"A national online education policy is the need of the hour"
Prof Dr Muhammed Alamgir
Member, University Grants Commission (UGC)
Soon after the educational institutions were closed, the UGC urged all universities to ensure students don't get separated from learning. In early May, after a meeting with various stakeholders in the sector, private universities were conditionally allowed to resume academic activities, while the decision for public ones was left to their academic councils. On June 25, vice-chancellors of public universities agreed to introduce online classes but sought the UGC's help to provide students with free or subsidised internet facilities, as well as smartphones for students who don't have one. The UGC is doing the best it can to mitigate the many problems related to this shift to online education. Questions have been raised about the unequal access to smartphones, laptops and internet connectivity among students. But one major problem, in my view, is our mindset.
As you know, we had conducted an online survey among some 19,000 students and 7,000 teachers of public and private universities, where we found that an alarming 71 percent of students are against online education and 63 percent of teachers don't think this form of education is a solution. With Covid-19 showing no signs of abatement, we don't know when the students will be able to return to their campuses. A shift to the online platform may widen the existing divisions but there is no alternative either. I think the universities, private and public, should take greater responsibility in this regard and identify and try to solve the problems of their students.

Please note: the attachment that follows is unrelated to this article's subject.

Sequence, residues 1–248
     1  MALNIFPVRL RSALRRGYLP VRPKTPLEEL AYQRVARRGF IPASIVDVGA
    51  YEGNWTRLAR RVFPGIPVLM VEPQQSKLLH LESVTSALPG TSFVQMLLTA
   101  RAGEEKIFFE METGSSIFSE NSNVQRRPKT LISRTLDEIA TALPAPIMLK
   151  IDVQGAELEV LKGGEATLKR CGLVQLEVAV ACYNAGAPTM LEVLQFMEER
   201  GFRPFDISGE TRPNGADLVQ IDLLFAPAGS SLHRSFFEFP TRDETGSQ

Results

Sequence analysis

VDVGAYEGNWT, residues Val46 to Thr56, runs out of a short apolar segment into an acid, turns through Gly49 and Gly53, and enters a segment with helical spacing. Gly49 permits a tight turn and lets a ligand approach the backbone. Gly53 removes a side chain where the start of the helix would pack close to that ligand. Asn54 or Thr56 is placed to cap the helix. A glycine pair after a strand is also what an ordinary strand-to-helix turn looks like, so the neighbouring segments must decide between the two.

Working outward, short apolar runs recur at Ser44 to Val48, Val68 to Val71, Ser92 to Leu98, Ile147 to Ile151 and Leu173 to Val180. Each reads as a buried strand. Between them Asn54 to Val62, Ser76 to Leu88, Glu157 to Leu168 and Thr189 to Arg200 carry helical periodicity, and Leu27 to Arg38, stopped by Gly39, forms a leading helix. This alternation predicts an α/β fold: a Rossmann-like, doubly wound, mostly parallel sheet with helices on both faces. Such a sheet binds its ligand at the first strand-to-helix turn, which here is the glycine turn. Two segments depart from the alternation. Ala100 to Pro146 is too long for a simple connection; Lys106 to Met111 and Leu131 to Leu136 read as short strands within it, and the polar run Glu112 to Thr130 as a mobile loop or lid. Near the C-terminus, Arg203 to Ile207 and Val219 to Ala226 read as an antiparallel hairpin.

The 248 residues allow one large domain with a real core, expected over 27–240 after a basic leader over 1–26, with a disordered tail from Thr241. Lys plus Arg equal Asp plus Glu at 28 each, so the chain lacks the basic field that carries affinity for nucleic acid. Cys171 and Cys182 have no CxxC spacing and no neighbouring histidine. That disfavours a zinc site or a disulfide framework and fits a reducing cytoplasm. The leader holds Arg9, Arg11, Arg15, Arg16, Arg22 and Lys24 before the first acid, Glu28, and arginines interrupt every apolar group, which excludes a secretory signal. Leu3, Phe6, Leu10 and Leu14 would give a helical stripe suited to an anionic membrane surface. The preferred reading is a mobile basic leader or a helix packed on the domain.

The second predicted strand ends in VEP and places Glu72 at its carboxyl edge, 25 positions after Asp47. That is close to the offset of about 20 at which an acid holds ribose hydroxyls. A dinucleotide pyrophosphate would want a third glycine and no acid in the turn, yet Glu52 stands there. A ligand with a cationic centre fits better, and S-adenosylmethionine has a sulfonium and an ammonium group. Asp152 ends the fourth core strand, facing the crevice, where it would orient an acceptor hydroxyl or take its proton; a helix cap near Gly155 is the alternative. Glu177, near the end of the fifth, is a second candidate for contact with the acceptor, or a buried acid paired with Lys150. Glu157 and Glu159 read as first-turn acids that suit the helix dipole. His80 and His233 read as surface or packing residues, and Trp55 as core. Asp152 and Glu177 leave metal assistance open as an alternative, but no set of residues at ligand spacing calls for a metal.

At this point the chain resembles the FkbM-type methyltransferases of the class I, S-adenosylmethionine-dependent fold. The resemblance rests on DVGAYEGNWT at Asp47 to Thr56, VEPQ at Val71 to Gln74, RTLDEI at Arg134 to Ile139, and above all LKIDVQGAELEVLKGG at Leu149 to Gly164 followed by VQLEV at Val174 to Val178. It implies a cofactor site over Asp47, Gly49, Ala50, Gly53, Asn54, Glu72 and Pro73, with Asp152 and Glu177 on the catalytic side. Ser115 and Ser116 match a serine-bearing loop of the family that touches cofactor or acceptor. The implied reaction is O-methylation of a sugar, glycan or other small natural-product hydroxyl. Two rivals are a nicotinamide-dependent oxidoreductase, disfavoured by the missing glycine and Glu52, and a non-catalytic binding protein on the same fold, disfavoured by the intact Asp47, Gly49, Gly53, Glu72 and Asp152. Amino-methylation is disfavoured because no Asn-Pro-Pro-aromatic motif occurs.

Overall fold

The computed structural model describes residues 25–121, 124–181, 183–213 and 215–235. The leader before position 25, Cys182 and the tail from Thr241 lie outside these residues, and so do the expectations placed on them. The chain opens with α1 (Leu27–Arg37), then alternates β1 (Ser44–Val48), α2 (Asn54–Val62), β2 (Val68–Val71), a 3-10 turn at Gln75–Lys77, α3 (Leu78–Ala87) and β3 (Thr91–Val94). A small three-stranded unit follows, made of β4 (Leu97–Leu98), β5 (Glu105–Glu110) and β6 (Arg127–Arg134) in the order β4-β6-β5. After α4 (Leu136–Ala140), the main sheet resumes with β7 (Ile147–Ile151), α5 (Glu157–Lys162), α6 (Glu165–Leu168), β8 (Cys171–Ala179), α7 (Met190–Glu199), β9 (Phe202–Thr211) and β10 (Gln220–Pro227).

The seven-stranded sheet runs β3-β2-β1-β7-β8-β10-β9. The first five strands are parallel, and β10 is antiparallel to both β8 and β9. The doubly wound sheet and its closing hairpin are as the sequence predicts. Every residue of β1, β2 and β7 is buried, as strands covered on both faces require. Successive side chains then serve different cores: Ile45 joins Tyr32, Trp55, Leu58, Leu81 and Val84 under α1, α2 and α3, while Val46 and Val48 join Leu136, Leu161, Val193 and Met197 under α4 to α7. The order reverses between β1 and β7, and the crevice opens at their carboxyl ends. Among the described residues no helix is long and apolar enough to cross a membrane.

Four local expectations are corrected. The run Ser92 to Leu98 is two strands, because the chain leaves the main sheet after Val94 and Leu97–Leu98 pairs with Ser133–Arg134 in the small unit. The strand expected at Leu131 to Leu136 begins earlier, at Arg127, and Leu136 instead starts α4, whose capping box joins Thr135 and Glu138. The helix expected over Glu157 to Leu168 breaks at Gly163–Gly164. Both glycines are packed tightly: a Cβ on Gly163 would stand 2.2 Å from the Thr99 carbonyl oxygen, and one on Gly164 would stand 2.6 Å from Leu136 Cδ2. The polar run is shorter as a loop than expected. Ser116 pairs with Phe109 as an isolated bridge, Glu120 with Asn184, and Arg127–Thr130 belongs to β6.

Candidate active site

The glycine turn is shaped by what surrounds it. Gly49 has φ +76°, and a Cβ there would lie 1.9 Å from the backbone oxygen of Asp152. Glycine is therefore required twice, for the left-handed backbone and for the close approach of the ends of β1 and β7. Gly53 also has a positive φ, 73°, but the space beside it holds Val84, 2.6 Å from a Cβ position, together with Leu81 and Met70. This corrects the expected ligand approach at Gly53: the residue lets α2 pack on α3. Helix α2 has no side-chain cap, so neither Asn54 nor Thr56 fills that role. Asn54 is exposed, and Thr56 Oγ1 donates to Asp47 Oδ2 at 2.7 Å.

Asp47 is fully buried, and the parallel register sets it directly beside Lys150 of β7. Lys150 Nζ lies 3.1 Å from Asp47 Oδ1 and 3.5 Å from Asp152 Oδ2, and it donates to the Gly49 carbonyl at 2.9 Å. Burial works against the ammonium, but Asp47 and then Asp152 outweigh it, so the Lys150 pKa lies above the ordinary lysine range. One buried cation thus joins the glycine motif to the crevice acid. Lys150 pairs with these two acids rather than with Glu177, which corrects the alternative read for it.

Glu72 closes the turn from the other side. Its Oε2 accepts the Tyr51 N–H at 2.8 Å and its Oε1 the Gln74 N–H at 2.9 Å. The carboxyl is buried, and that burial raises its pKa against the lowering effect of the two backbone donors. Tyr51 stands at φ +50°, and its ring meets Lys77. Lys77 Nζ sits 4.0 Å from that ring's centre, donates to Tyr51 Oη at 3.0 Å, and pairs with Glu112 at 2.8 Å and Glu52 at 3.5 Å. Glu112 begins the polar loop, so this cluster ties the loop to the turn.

The UGC has conveyed its findings to the education ministry and other related ministries and departments and requested them to provide the students with free or low-cost internet facilities. We are constantly in touch with the authorities to address the immediate and long-term effects of this situation. We have also pressed for a national online education policy, which is most essential given all the confusion and uncertainties around. For now, however, all universities should switch to online classes with whatever means available at their disposal.